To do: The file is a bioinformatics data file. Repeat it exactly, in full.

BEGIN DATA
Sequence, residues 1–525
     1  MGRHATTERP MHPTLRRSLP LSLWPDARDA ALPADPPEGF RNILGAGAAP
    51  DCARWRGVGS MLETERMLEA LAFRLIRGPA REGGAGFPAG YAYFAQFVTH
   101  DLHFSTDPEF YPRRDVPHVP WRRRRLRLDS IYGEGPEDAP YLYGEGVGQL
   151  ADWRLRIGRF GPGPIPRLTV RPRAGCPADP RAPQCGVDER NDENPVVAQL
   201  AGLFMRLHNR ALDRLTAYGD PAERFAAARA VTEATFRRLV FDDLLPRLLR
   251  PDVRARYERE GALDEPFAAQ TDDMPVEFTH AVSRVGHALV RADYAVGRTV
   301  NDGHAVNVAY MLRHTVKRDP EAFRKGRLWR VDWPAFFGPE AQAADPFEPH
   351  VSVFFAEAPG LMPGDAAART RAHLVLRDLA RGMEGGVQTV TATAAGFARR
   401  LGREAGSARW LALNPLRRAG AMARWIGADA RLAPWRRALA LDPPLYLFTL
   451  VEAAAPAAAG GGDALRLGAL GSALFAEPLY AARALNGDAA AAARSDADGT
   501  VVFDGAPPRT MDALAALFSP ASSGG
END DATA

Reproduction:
Sequence, residues 1–525
     1  MGRHATTERP MHPTLRRSLP LSLWPDARDA ALPADPPEGF RNILGAGAAP
    51  DCARWRGVGS MLETERMLEA LAFRLIRGPA REGGAGFPAG YAYFAQFVTH
   101  DLHFSTDPEF YPRRDVPHVP WRRRRLRLDS IYGEGPEDAP YLYGEGVGQL
   151  ADWRLRIGRF GPGPIPRLTV RPRAGCPADP RAPQCGVDER NDENPVVAQL
   201  AGLFMRLHNR ALDRLTAYGD PAERFAAARA VTEATFRRLV FDDLLPRLLR
   251  PDVRARYERE GALDEPFAAQ TDDMPVEFTH AVSRVGHALV RADYAVGRTV
   301  NDGHAVNVAY MLRHTVKRDP EAFRKGRLWR VDWPAFFGPE AQAADPFEPH
   351  VSVFFAEAPG LMPGDAAART RAHLVLRDLA RGMEGGVQTV TATAAGFARR
   401  LGREAGSARW LALNPLRRAG AMARWIGADA RLAPWRRALA LDPPLYLFTL
   451  VEAAAPAAAG GGDALRLGAL GSALFAEPLY AARALNGDAA AAARSDADGT
   501  VVFDGAPPRT MDALAALFSP ASSGG